Surveillance cameras are mounted on a post at Tiananmen Square as snow falls in Beijing, China, on Thursday, Feb. 14, 2019.
Qilai Shen | Bloomberg | Getty Images
GUANGZHOU, China — A new report reveals patent applications belonging to Huawei and a group of China-based artificial intelligence companies for systems that can detect people who are part of a Muslim minority group.
The ethnic Uighurs, who live mostly in China’s west, have been identified by the United Nations, United States, United Kingdom and others as a repressed group. Authorities allegedly use widespread surveillance technology to monitor the region’s Uighur population. The Chinese government denies mistreating Uighurs and says those camps are vocational training centers.
IPVM, a U.S.-based research firm that analyzes video surveillance technology, looked at patents in China related to systems that could be used to identify Uighurs’ faces. IPVM jointly published its research with the BBC.
One of the patents — jointly submitted in 2018 by Huawei and the Chinese Academy of Sciences, a government research agency — says the algorithms for the patented technology can be used to identify the attributes of a pedestrian, for example. One attribute that can be recognized is “race.” Uighurs are referenced as one “race” that can be detected by Huawei’s system.
That patent is for an “object attribute recognition method, device, computing equipment and system,” according to a translation of the filing from IPVM and verified by CNBC.
Huawei told CNBC it is “taking proactive steps” to amend its patent application.
“Huawei opposes discrimination of all types, including the use of technology to carry out ethnic discrimination. Identifying individuals’ race was never part of the research and development project. It should never have become part of the application and we are taking proactive steps to amend it,” a spokesperson for the company told CNBC by email.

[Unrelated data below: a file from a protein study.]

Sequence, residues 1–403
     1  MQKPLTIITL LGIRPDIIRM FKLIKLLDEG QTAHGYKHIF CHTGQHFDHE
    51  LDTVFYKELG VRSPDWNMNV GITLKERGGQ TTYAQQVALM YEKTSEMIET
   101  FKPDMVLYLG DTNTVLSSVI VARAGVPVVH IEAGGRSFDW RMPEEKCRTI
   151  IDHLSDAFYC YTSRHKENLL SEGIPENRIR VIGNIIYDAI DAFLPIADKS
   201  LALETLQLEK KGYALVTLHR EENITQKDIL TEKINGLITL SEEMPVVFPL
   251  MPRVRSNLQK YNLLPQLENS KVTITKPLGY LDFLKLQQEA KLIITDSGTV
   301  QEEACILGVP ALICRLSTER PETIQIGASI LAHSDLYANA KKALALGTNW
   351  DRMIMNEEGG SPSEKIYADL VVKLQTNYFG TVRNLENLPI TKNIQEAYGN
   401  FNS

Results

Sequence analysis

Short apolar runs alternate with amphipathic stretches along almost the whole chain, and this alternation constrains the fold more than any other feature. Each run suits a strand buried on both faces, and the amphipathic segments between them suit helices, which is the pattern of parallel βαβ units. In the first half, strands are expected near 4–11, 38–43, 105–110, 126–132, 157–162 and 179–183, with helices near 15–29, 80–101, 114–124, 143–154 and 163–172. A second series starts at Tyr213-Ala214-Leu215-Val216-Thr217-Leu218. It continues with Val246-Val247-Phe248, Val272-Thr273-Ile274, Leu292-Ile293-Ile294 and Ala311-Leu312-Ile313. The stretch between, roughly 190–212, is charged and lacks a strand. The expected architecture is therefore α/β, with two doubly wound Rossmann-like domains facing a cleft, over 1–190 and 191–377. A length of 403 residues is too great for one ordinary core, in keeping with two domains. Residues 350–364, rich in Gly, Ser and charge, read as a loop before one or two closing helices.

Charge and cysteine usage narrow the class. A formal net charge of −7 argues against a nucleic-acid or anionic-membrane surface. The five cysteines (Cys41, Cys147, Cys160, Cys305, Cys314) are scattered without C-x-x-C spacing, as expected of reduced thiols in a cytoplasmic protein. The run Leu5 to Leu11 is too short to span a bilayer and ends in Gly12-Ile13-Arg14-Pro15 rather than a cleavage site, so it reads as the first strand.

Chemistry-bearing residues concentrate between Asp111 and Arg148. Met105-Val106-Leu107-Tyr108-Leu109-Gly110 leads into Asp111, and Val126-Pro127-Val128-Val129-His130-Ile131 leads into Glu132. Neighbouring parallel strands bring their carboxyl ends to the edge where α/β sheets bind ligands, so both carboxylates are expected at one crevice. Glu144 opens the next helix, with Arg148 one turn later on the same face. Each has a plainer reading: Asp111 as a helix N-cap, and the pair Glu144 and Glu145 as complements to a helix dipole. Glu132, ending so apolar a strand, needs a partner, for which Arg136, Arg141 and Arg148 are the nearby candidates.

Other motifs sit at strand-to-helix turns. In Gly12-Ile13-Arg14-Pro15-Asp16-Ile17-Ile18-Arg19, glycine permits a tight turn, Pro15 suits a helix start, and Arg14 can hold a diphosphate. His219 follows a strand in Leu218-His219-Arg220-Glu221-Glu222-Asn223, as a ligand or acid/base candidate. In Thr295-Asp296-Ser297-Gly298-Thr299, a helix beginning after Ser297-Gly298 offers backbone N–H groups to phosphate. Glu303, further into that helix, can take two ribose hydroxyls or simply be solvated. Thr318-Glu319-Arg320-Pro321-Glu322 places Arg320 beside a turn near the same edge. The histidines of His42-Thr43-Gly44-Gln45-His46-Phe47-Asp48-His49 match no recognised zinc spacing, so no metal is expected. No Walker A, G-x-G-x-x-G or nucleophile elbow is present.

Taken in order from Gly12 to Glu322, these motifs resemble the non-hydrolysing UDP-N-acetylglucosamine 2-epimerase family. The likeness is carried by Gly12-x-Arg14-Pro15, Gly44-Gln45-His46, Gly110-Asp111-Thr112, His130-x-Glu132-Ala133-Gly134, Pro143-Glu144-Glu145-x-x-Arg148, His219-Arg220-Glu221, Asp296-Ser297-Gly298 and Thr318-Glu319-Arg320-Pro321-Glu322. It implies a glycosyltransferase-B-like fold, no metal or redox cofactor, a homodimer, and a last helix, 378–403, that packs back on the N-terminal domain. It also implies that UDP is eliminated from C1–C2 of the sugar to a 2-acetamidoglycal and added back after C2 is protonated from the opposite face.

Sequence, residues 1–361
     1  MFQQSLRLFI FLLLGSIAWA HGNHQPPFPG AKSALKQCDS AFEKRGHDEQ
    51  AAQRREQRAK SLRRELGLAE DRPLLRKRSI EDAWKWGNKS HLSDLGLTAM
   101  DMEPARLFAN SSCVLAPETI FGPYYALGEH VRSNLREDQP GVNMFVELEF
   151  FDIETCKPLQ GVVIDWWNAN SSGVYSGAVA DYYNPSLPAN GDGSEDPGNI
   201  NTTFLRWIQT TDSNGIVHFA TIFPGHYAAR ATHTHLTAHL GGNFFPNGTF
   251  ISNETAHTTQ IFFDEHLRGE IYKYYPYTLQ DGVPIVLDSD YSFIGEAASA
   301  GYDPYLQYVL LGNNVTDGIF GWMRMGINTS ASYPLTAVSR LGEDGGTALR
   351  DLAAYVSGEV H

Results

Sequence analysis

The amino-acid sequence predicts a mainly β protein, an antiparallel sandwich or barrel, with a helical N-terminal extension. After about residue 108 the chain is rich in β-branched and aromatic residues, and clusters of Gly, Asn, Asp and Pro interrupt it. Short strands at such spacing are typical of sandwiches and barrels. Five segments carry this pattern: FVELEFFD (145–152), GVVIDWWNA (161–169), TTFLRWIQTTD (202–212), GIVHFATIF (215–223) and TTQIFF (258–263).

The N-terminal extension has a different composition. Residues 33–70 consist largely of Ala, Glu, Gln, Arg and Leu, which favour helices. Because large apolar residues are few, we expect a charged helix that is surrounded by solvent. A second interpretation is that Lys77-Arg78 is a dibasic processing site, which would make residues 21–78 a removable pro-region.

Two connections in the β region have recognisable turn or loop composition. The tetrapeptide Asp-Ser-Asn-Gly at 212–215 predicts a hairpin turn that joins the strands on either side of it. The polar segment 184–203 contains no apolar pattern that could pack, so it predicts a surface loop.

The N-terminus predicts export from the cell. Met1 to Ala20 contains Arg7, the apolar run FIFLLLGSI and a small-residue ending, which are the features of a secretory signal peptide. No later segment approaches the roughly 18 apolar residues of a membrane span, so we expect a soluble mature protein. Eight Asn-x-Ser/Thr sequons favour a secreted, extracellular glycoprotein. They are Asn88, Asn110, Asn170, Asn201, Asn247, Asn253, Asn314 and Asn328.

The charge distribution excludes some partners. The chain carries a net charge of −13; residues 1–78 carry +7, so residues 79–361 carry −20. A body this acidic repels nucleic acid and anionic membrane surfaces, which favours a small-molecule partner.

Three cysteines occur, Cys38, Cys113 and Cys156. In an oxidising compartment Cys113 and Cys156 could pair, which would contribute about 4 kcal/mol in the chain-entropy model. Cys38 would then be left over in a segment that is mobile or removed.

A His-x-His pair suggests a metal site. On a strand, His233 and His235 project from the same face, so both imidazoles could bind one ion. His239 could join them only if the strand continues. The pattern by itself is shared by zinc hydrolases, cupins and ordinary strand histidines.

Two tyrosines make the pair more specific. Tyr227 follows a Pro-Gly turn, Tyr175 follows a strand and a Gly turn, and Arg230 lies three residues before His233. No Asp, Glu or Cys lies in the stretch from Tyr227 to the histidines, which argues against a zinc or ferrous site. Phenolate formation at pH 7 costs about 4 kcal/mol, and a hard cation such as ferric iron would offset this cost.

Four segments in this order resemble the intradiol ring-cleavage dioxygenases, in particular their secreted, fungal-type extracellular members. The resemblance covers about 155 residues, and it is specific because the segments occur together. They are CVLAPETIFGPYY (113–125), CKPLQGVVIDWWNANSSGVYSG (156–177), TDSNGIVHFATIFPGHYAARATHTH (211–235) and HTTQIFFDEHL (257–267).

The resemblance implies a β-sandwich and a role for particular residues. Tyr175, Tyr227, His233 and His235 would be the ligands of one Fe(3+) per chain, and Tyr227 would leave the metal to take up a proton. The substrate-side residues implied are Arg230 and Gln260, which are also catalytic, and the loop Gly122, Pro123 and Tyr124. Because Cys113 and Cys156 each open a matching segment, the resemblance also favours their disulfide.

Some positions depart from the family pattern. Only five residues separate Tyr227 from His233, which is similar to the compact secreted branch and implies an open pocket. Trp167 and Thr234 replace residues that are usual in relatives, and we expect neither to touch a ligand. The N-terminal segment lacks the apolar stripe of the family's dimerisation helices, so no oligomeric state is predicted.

“We are continuously working to ensure new and evolving technology is developed and applied with the utmost care and integrity.”
The Chinese Academy of Sciences did not respond to a request for comment. The Chinese embassy in Washington told CNBC in December that U.S. politicians create “disinformation” about the Uighurs in order to “contain China’s development.”
A United Nations report in 2018 described concerns that more than a million Uighurs and other minorities were being “held in so-called counter-extremism centers” in the Xinjiang region. Another two million had been forced into “so-called ‘re-education camps’ for political and cultural indoctrination” in Xinjiang, the report said.
Many of these camps operate based on what Amnesty International describes as a “highly restrictive and discriminatory” law that China claims is designed to combat extremism.
Last June, the UN again raised concerns about “the collective repression of the population,” highlighting the religious and ethnic minorities in Xinjiang and Tibet in its report.
Another patent highlighted by IPVM was filed by Chinese AI giant Megvii in 2019. It outlines an image recognition system that can help label images of people in a database.
One of the classifications it can recognize is ethnicity. Megvii’s system can be used to identify and label images of Uighurs, the patent states.
A Megvii spokesperson said the language in its patent is “open to misunderstanding.”
“The patent application pertains to portrait retrieval and technology to re-label images that have been labeled incorrectly in existing databases. All images and underlying databases are provided and held by third parties,” a Megvii spokesperson told CNBC over WeChat.
The company said its technology “is not a facial recognition solution, nor in any way represents an intention to develop ethnic identification solutions. Megvii has not developed and will not develop or sell racial or ethnic labelling solutions.”